He has researched deeply into the medical knowledge and treatments of the Tudor period to provide a vivid portrait of Henry and his health, his inability to sire a crop of lusty sons, his psychological insecurities and hypochondria. The Kings later years were painful as geriatric decay was swift and strong, turning him into 'a 28-stone psychotic monster, suspicious of everyone around him'.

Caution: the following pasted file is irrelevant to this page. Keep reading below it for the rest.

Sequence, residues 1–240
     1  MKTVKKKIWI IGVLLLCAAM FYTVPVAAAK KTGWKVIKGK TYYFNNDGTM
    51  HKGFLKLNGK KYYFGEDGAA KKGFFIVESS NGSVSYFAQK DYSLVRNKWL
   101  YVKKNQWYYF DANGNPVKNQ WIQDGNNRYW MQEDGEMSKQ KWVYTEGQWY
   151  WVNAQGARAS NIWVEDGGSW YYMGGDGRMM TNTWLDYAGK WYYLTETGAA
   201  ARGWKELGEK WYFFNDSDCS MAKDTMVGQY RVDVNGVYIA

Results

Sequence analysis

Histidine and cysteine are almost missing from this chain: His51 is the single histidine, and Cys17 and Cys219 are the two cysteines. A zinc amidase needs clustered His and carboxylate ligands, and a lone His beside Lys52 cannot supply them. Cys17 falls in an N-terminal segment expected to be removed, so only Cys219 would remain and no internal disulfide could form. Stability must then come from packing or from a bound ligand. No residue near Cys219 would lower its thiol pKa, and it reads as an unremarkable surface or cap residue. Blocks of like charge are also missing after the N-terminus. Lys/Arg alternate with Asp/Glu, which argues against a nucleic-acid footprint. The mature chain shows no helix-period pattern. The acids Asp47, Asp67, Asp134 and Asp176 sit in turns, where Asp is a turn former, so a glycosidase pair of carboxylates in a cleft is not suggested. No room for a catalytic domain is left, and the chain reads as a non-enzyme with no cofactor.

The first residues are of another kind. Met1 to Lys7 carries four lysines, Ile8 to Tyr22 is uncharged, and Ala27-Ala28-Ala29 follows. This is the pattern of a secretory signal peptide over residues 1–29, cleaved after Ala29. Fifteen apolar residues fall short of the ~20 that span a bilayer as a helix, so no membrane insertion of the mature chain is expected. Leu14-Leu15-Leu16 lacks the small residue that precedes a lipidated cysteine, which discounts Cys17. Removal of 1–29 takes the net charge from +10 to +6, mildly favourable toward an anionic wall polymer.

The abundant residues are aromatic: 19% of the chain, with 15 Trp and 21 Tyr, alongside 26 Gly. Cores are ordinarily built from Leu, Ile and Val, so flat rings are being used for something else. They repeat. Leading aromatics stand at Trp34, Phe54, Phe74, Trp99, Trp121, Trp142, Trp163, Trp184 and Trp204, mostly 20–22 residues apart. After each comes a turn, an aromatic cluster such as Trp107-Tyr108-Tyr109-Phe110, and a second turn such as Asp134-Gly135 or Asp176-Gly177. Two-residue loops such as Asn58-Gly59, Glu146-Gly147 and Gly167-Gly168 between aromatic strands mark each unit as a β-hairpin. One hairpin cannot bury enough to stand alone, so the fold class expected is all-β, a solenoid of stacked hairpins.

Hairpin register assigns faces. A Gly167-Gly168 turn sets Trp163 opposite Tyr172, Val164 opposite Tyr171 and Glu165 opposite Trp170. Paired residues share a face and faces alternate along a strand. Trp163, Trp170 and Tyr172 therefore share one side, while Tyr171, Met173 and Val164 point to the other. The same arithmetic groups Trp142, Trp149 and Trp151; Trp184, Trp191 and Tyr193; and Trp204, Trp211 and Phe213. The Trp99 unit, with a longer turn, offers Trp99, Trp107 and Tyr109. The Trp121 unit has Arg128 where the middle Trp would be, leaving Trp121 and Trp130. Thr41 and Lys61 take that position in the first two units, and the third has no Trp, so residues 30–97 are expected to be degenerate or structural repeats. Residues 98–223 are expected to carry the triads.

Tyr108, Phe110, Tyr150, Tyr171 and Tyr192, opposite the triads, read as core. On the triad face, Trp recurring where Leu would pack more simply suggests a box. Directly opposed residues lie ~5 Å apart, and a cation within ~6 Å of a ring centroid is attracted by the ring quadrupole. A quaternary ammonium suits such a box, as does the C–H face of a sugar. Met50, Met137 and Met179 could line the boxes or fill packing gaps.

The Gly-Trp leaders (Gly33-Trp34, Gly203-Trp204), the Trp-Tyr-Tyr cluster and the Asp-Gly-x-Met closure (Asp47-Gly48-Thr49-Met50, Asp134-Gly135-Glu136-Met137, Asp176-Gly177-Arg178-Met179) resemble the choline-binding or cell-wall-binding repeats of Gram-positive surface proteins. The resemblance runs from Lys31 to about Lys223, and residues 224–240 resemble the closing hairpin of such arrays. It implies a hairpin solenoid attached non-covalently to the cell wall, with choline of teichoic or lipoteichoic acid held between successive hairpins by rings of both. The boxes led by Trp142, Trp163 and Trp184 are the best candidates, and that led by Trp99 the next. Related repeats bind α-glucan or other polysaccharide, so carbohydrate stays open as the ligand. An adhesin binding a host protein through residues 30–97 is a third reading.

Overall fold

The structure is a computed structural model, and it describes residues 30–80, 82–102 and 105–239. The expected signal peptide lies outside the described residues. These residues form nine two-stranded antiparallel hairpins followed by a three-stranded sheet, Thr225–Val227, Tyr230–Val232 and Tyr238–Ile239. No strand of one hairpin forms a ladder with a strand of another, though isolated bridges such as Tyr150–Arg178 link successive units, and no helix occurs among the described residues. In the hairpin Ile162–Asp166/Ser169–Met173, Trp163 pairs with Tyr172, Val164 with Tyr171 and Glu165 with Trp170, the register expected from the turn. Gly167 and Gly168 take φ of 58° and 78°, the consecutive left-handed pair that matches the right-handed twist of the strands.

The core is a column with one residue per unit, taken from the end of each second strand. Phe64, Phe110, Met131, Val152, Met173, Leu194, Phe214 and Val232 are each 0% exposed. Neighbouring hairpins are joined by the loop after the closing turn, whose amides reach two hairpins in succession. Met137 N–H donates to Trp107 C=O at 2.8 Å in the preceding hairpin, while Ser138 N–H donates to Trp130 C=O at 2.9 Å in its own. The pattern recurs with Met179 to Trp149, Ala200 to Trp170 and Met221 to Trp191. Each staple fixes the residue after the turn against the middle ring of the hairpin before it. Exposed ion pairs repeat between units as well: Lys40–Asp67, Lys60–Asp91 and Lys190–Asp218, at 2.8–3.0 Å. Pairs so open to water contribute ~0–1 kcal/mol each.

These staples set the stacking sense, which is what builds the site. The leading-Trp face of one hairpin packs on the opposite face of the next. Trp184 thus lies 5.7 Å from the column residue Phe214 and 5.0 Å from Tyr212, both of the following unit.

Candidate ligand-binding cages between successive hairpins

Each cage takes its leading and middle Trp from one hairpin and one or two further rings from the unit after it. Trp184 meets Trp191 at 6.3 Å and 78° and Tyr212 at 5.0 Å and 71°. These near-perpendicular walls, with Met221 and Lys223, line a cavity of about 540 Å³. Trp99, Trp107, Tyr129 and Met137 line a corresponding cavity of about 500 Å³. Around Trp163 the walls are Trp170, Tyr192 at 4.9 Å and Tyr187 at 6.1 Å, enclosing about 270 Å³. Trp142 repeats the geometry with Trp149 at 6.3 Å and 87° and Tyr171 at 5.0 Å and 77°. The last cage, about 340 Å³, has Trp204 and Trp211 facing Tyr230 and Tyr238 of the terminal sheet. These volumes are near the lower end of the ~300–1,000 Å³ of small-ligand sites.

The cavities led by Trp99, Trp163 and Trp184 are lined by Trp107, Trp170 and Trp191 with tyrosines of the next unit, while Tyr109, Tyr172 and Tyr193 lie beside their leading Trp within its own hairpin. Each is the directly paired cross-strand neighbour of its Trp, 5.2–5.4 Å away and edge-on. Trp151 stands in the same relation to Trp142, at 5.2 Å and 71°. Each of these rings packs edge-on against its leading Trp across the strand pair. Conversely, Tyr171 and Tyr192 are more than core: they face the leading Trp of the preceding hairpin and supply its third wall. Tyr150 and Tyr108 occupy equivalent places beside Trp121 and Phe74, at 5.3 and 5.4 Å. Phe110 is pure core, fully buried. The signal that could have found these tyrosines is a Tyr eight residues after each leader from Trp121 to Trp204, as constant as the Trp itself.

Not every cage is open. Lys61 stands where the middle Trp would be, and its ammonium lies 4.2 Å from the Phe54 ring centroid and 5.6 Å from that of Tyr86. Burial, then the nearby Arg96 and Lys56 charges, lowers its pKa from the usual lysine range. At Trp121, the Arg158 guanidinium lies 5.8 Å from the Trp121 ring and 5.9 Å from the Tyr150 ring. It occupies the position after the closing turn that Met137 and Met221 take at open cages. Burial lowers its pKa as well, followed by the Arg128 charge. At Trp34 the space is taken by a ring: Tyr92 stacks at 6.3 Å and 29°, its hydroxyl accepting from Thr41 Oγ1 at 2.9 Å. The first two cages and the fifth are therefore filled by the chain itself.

The Tudors retained only a precarious grip on the crown of England, founded on a title that was both tenuous and legally flimsy. This left them preoccupied by two major obsessions: the necessity for a crop of lusty male heirs to continue the bloodline, and the elimination of threats from dynastic rivals. None was cursed more by this rampant insecurity than Henry VIII, who embodied not only the power and imperial majesty of the monarchy, but also England's military might. His health always had huge political consequences at home and overseas - hence his unbridled hypochondria. Drawing on the latest historical and medical research, Robert Hutchinson reveals the extent to which the king also grappled with accelerating geriatric decay in his last six years, made more acute by medical conditions that were not only painful but transformed the monarch into a 28-stone psychotic monster, suspicious of everyone around him, including those most dear to him.